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Case studies

On course bookies face licence reviews

Last month licensing officers from the Royal Borough of Windsor and Maidenhead, supported by the Commission and trading standards, conducted age verification test purchasing at Royal Ascot.

Of the 17 operators tested seven allowed a 16-year-old to place a £5 bet and are now having their licence to offer gambling reviewed by the Commission.

Richard Watson, Commission Executive Director, said: “These licence reviews show how strongly we feel about underage gambling.

“Every single gambling business must protect children from gambling but the on course bookmakers results have remained unacceptable.”

Mr Watson said the on-course sector had a history of failing age verification exercises.He said: “Despite various educational attempts to raise standards, by ourselves and the trade bodies, the on-course sector has historically performed poorly in both underage gambling test purchase exercises and Think 21 testing.

“Pass rates have failed to meet the standards expected and the sector has consistently performed to levels below those we see in other gambling and age restricted products. By way of example, over the past four years, the on-course sector has a pass rate of around 35% for Think 21 testing.”

“We recognise on course bookmakers are small businesses but we cannot allow them to disregard their responsibility to protect children.”

Mr Watson added: “We welcome the positive initiate by the local authority and the racecourse to raise standards in the gambling industry.”

Cllr David Cannon, Lead Member for Public Protection at the Royal Borough of Windsor and Maidenhead, said: “I am delighted that our officers led and organised this test purchasing. It is important that our residents as well as visitors to the borough, are kept safe. It is not acceptable to take bets from young people and I am pleased that strong action is taking place.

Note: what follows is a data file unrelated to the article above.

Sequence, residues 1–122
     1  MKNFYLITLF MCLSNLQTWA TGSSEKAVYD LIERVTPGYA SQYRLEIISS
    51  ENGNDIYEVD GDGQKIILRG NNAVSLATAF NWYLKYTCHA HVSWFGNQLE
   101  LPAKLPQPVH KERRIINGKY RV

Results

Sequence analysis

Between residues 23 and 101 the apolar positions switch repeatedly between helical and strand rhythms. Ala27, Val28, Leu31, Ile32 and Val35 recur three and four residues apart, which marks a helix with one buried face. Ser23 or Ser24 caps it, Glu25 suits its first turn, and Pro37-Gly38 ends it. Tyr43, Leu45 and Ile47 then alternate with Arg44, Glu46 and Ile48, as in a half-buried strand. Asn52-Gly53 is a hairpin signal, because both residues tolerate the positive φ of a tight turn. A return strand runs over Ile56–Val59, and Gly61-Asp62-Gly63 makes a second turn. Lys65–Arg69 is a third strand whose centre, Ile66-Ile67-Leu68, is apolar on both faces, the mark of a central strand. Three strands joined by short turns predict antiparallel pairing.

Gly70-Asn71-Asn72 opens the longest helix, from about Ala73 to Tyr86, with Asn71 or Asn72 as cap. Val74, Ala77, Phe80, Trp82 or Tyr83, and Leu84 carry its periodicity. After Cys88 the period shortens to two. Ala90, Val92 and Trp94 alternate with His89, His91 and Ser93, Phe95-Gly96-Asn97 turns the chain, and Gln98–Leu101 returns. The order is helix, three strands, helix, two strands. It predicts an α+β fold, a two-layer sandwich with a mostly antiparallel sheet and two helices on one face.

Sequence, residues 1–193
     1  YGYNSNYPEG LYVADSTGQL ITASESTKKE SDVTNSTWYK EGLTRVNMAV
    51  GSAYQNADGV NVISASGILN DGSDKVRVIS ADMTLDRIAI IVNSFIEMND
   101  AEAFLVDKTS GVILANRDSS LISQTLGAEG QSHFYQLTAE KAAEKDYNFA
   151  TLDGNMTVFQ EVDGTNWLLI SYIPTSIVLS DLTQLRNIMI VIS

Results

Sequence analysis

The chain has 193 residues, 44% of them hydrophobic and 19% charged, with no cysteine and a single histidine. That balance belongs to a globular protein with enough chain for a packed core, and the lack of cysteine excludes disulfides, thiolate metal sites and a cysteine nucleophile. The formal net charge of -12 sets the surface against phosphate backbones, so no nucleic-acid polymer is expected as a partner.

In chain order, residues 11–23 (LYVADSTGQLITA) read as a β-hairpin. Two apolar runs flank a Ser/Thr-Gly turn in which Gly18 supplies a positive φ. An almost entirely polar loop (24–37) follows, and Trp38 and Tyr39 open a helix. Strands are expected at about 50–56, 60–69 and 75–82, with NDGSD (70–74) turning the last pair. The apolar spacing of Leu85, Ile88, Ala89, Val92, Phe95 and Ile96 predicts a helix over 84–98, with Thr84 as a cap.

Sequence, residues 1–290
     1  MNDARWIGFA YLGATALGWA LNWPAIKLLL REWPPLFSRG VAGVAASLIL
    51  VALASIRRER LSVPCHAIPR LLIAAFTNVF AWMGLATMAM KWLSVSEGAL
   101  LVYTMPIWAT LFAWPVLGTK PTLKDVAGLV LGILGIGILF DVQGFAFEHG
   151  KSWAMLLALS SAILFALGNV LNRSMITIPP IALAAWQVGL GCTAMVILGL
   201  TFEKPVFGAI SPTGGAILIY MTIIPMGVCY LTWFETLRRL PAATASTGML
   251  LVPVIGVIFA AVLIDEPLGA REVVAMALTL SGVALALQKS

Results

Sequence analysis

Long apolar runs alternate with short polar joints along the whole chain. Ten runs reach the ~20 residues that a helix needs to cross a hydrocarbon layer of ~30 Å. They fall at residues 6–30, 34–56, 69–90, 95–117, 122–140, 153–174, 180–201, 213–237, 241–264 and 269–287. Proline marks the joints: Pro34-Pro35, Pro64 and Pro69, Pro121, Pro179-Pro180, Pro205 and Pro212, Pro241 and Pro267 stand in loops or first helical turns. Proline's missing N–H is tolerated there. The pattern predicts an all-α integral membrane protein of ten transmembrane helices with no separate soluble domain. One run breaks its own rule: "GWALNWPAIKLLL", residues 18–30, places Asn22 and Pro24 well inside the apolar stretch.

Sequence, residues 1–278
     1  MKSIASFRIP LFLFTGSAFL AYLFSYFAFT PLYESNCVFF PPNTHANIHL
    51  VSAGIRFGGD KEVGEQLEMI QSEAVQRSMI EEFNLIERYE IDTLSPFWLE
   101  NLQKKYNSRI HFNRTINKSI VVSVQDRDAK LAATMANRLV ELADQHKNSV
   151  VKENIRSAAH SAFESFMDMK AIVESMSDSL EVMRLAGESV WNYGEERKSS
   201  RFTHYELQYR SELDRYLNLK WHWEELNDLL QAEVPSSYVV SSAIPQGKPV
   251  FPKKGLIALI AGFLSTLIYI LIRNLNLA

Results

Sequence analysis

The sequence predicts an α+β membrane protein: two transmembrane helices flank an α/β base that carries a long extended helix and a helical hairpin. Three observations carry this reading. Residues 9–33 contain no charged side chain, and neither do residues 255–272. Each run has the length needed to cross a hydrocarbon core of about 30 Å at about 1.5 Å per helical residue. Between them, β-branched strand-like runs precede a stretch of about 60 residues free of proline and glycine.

“Our hard working team of officers will often carry out test purchasing across the borough to ensure our residents are kept safe and that traders are abiding by the rules.“I am pleased that this hard work is paying off and the Gambling Commission are taking action against those bookmakers.”

National Licensing Week in Scotland

As part of the Institute of Licensing's (opens in new tab) National Licensing Week (NLW) activities, compliance managers from the Commission were joined by colleagues from Police Scotland in conducting awareness raising and educational visits to ten betting offices in and around Edinburgh city centre.

There was generally a high level of compliance identified on the day in relation to the outlets visited with some, largely minor, points requiring action to address them moving forward. There were a number of local regulatory issues highlighted in terms of poor siting of premises licence summaries, lack of detail on layout plans for premises, lack of Responsible Gambling materials, and issues with the detail of local risk assessments and them being out of date in a number of locations.

This was the fourth consecutive year that visits have been conducted by Commission staff during NLW in collaboration with Police Scotland officers.

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LA Bulletin Summer 2019 - Consultations and call for evidence
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